Want to be taken seriously as a chef when it comes to blenders? The answer was always Vitamix. Whenever we visited a professional kitchen – there it was, a Vitamix blender, ready for smoothing, sousing, chopping, juicing or turning into soup anything with vitamins, minerals or proteins in it. But that blending onslaught came at a price, which was always a factor: $450 to $800 price tag for a blender would scare off any amateur. The pros, however, have always been extremely appreciative of the unprecedented power of the Vitamix, which gives a run for its money to virtually any other blender in the marketplace. Watch out, Hamilton beach!
Ninja, on the other hand, was presented in 2013 specifically to counter the steep price of the Vitamix with a more lenient ‘bang for the buck’ approach without sacrificing of what’s important: power, design and general appeal. The Ninja’s claim to fame was and still is very in-yo-face: at $199 and relatively comparable specs Ninja aims to destroy Vitamix. So, putting the Ninja Ultima and Vitamix 5200 to the test was not only a matter of time, it is a duty, a calling if you will for those dedicating their lives to a search for the Perfect Blender.
Since juicing is all the rage these days, the first task we thought we’d throw at the contestants was going to be blending a mixture of greens. Not an easy mixture by any standard: non-grated ginger, the impossible to juice kale, whole apples, cucumber, and celery. The results were spectacular with both appliances, although the trigger-happy Vitamix appeared to be just a tad livelier where Ninja’s ‘on’ button had to be really pushed.
Ninja’s Dual Stage Blending really shined in this test, which is understandable, given that ‘dual stage’ means (duh) a detachable second blade. It’s balanced perfectly against the main blade and is ready to help with anything that the main blade for some reason can’t deal on its own. The downer, however, was the difficulty, which quickly occurred when we tried to push the vege all the way down to the bottom of the pitcher in order to accommodate more of raw materials. Also, as soon as things begin to fly inside the blender, some pieces of half chopped produce tend to get stuck to the lid and upper crannies.
Anyway, in less than a minute we got juiced.
Both blenders did exceptionally well, the mix was excellent. Naturally, there was pulp but nothing beyond some light strain. And if store-bought pulped juice is your thing, not only you’re not going to complain about the results of the Vitamix/Ninja blend-off, the juice-to-pulp ratio in both end mixtures was absolutely perfect. Ninja’s juice turned out to be a bit thicker, though, but that’s why we have water.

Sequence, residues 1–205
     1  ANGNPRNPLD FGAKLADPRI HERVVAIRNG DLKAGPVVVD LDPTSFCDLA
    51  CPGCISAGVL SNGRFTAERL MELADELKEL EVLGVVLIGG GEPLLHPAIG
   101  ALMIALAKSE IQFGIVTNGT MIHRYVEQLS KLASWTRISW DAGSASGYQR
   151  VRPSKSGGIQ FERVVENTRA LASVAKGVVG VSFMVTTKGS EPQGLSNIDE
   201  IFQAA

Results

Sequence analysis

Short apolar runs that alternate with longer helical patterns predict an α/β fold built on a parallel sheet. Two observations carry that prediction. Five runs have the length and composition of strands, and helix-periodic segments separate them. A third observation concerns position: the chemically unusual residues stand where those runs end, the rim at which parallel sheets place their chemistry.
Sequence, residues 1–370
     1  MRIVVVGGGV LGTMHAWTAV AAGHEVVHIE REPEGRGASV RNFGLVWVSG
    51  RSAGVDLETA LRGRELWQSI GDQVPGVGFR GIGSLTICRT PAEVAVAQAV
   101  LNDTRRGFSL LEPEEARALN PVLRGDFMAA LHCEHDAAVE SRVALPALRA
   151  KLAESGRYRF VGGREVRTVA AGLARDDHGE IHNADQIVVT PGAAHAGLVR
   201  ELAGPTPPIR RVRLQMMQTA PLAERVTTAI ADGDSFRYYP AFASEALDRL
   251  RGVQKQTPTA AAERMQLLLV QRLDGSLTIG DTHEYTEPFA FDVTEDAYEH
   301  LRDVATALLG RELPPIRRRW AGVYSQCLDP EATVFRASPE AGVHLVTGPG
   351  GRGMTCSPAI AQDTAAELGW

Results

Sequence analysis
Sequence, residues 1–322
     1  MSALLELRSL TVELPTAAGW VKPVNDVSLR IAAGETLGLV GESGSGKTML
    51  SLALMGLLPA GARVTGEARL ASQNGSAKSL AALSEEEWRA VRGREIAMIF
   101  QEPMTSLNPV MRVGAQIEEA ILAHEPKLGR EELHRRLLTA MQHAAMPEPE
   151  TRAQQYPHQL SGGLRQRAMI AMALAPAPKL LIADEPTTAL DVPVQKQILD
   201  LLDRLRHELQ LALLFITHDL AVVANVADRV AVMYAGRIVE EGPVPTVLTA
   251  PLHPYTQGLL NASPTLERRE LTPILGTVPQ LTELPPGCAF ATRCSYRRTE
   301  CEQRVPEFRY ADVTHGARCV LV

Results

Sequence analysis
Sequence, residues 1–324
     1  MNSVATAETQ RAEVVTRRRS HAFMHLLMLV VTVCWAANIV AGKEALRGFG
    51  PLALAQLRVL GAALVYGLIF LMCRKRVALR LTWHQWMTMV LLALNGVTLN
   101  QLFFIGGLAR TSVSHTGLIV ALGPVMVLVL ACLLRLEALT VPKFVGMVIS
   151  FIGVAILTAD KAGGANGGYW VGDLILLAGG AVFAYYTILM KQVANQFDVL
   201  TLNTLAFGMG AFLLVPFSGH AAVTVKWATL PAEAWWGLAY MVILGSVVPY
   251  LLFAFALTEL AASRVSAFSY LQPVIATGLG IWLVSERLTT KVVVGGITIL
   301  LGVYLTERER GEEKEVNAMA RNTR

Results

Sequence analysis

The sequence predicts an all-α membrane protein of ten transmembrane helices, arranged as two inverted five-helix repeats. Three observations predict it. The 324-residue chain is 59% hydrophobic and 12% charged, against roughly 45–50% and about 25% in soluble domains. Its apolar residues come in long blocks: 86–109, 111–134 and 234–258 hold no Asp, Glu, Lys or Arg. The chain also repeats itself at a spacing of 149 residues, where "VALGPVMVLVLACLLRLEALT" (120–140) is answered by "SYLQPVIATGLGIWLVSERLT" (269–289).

While we were royally impressed with the way Vitamix and Ninja handle produce, everybody knows that the true worth of a blender is measured by its ability to do away with milkshakes. We’ve deliberately picked out the roughest of all ice cream bars – the chewy, peanutty Snickers, and poured some Kahlua and chocolate milk over it.
It took both blenders literally three seconds each to produce a rich, even mixture of flavorful shakes. Seriously, the experience was almost miraculous, we’ve never seen anything like it before.
Still, there was a difference in the texture of both milkshakes. While Vitamix gave up a rather mealy mixture, which is not at all a bad thing in a milkshake, Ninja’s drink turned out to be a thick, very intense, yet very flowie brew. Both equally delicious, though. We’ve decided that such results were due to the dual blade system (in Ninja), which pulverizes the ingredients, and the suction effect (in Vitamix) that cycles the ingredients to the point of a complete aeration, hence almost porous texture in the Vitamix’s shake.
So, with the testing over, we thought we’d share some final thoughts as for the differences between the two marvelous kitchen gizmos created for two different categories of consumers.
If noise is a factor for you, know that the Vitamix is significantly quieter. Which is not to say that either of the blenders is uncomfortably loud, but still…
Ninja is much tougher to disassemble. Child-proofing in blenders is great but in our case, even a brawny fifty-year-old man had trouble taking the lid off…
Ninja’s dual blade system is kind of in a way when it comes to pouring.
All in all, Vitamix is just a little bit faster. A hair faster.
In conclusion. For a ‘Mr. Moneybags’ who leads a quiet life, hates noise, and cumbersome kitchen machines we wholeheartedly recommend the Vitamix 5200. Otherwise, Ninja Ultima is going to make you perfectly happy.